This has been a surreal week for shop owners and small businesses around the world. As more people stay home and shops, bars and restaurants either cut capacity or are mandated to close completely these small businesses struggle to survive. I’m looking for ways, however small, to support our community of shopkeepers. Remember these are the shops we love to shop and visit when life gets back to normal. We want them to still be there on the other side of this pandemic.
As we social distance now is the time to use all the virtual tools that we have access to. Instagram is a wonderful visual platform and the social media platform I, like many shopkeepers, am the most comfortable with. I am really impressed how Kathleen Sorbara of Chickee’s Vintage uses Instagram Stories to successfully sell her vintage womenswear and accessories. Check out Chickee’s Vintage Instagram here. And I know she’s successful by the number of items that are marked “SOLD”. Chickee’s Vintage specializes in art tees, cheeky sweaters, Gucci loafers, and good Leviʼs. She skips the lengthy process of uploading items to the website and just posts directly on Instagram Stories. This is an effective process as Chickee’s Vintage sells vintage and only has one of each item. Often when an item is sold – such as Gucci loafers – I see requests for availability in different sizes and colors. This week Kathleen instituted a “by appointment only” policy for her shop and she is ramping up her posts on Instagram Stories. I asked Kathleen to share her tips and advice that may help other shopkeepers.
How Chickee’s Vintage sells on Instagram Stories
How long have you being selling on Instagram stories? What kind of growth have you seen. We are a fairly new business, we’ve been open for about a year now. We started taking our instagram sales more seriously towards the beginning of winter. We were worried about what sales might be like during the winter in regards to weather/less people walking around/etc. We started posting more and we definitely gained traction not only financially but socially as well! We definitely saw an uptick in followers as well as sales— we actually did better in our winter months than some of our busy months in the fall.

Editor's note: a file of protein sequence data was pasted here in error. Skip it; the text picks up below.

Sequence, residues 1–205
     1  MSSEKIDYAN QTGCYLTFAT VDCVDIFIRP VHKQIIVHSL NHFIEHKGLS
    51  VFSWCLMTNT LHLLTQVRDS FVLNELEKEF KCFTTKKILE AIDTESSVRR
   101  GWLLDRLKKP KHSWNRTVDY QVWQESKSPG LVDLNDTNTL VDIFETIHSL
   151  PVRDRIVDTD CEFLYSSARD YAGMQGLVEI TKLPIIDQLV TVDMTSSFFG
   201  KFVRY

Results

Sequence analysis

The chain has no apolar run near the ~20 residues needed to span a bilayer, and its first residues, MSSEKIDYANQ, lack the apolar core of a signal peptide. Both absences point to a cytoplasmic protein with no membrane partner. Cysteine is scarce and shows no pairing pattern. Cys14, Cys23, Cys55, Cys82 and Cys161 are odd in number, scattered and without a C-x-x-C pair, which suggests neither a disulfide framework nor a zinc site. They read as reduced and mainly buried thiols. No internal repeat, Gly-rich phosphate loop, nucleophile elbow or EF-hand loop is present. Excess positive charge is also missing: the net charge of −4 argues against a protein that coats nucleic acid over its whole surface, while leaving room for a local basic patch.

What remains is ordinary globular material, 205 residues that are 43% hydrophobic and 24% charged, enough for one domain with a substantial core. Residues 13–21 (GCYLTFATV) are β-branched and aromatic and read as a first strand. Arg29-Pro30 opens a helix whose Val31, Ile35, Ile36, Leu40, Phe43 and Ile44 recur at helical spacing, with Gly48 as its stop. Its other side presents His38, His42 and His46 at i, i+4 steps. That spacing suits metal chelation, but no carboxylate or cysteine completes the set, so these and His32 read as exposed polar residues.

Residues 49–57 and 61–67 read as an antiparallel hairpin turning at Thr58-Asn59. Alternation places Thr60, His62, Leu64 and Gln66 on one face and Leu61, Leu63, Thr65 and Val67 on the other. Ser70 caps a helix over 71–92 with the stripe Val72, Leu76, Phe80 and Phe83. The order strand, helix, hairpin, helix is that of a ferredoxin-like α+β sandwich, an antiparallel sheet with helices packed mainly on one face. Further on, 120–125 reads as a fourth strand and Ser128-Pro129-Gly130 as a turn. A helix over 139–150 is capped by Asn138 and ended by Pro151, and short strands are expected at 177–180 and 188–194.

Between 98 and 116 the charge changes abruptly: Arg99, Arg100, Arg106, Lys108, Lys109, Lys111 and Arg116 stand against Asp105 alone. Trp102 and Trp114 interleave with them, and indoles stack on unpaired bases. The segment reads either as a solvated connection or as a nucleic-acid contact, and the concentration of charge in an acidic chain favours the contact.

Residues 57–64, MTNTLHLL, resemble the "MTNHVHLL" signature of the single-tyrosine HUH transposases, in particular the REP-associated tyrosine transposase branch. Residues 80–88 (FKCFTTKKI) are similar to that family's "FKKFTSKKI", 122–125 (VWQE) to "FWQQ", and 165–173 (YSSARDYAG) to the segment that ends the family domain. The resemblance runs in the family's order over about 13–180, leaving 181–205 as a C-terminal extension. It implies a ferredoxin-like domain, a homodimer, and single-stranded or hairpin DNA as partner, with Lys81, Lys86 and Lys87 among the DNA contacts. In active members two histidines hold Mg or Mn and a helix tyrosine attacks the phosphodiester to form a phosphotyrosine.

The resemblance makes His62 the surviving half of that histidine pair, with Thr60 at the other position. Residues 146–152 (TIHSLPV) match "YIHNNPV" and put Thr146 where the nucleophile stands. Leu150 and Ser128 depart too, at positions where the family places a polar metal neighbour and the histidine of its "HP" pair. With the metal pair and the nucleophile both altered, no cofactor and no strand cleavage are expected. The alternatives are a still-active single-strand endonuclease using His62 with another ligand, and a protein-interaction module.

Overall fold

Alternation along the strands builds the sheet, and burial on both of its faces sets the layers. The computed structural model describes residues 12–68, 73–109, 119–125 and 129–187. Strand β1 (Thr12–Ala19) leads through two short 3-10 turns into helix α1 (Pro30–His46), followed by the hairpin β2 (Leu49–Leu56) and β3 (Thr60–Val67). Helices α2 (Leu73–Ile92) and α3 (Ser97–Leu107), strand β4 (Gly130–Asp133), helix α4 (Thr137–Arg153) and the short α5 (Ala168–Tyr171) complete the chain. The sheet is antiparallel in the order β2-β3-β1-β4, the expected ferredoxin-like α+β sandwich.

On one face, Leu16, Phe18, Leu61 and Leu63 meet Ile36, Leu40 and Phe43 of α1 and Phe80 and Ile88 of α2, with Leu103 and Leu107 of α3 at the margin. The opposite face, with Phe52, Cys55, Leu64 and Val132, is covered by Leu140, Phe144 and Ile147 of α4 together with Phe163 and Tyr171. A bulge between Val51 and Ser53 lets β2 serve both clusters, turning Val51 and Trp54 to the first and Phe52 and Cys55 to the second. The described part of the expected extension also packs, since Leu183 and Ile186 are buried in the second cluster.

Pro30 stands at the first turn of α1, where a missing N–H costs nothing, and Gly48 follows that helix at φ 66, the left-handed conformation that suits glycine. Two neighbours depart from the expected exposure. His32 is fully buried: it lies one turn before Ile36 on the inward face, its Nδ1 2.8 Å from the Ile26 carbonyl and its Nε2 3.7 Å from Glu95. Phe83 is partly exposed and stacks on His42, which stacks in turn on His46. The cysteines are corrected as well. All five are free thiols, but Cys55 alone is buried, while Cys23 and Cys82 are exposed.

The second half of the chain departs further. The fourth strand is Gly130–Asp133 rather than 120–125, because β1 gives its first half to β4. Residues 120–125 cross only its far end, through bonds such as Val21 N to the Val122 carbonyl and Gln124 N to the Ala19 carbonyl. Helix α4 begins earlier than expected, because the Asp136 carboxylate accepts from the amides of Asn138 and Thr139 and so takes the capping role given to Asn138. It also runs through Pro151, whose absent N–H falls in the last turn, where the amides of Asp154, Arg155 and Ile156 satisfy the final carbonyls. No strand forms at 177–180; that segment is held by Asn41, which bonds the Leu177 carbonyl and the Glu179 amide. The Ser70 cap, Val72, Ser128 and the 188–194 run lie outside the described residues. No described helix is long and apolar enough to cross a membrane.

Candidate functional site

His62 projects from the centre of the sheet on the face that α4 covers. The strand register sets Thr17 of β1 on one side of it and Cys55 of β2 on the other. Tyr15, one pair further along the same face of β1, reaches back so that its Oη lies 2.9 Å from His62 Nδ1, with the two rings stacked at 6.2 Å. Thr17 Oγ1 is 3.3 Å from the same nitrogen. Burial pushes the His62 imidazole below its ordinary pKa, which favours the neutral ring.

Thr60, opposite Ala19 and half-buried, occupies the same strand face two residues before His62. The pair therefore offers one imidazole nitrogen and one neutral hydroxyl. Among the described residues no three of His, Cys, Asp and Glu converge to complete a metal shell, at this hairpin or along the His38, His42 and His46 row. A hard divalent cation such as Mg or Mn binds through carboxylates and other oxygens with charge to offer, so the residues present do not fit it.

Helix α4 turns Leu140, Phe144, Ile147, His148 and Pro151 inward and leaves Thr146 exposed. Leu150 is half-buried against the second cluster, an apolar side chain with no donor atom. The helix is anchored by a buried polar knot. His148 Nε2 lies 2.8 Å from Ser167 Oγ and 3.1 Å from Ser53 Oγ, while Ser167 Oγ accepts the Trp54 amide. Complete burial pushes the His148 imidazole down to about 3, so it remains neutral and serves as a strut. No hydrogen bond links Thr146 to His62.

What virtual platforms do you use for selling beyond in shop sales? We use our instagram grid and instagram stories.
What percentage of your sales are via Instagram Stories? I would say 10-15% of our sales come from instagram. (editor note: this may grow under current conditions)
What is your approach? (ie. new items in shop, themes such as bags, shoes, t-shirt series) I try to pick items that are cohesive. It’s kind of a creative process— usually certain color schemes that flow together or silhouettes that work well together.
What works better – garments shown on hanger or modeled? I would say modeled. People want to see what things look like if they were to wear a dress or a blouse. I will say that t-shirts are the easiest item for us to sell whether they are on a hanger or a model.
What is the optimum number of items you post per day? Everyday? A few times a week? Now that we are closed because of coronavirus we are trying to post 10-20 items a day. Before the coronavirus craziness we’d post more frequently if sales in the shop were slow, and that helped us drastically. It also was helpful to post instagram stories to draw in local customers who probably wouldn’t be coming in otherwise, if they weren’t interested in items on the instagram stories.
How do you manage sale? When someone want item they DM you with CC number? Thankfully we use square and they have an invoice option on their point of sale system, so we can invoice customers directly through that to their email.
Do you find you have repeat customers buying through stories. Yes! It’s wonderful because we have a reach to people in other cities and other countries through instagram sales.
What are your learnings to sell effectively? We try to respond as quickly as possible. I’ll be in bed late night on instagram DMs answering questions. Ideally it would be good to set up a proper website but I find that instagram has been faster paced.
Does quality of image effect sales? What else may effect sales? Time of day? I find that posting a batch of instagram stories once in the afternoon is good, and then once at night around 7PM to bring attention back to our stories that we posted earlier on in the day. People are definitely on their phones as they are getting home from work, and I definitely am making more invoices in the evening after hours, as opposed to mid-day. (editor’s note: as many people are working from home I imagine time of day could be a moving target)
Do you sell more from Instagram grid or stories? Definitely stories! can post more there without overwhelming the grid.
How quickly – or slowly – do items take to sell? The Thelonious Monk tee sold in about 10 minutes, Picasso tee sold in 12 hours, Monet sold in three hours and the flower sweater sold in 12 hours.